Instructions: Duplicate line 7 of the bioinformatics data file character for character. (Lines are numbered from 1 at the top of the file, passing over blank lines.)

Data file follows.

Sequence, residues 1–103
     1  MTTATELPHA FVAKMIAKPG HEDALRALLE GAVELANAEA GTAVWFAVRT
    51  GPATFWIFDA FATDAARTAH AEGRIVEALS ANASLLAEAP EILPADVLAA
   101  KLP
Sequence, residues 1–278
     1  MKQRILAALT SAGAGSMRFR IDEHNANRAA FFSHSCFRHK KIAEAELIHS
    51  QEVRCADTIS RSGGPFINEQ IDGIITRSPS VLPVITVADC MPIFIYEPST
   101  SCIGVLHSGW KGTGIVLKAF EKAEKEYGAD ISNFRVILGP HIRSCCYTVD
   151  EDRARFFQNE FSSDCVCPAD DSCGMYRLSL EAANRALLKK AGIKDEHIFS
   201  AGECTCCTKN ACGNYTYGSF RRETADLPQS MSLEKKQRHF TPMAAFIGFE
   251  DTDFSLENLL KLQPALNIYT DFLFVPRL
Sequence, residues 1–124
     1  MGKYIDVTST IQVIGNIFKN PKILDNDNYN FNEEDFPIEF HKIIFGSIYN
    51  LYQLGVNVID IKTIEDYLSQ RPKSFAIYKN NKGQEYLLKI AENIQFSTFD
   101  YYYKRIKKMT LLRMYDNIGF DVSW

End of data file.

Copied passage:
    51  QEVRCADTIS RSGGPFINEQ IDGIITRSPS VLPVITVADC MPIFIYEPST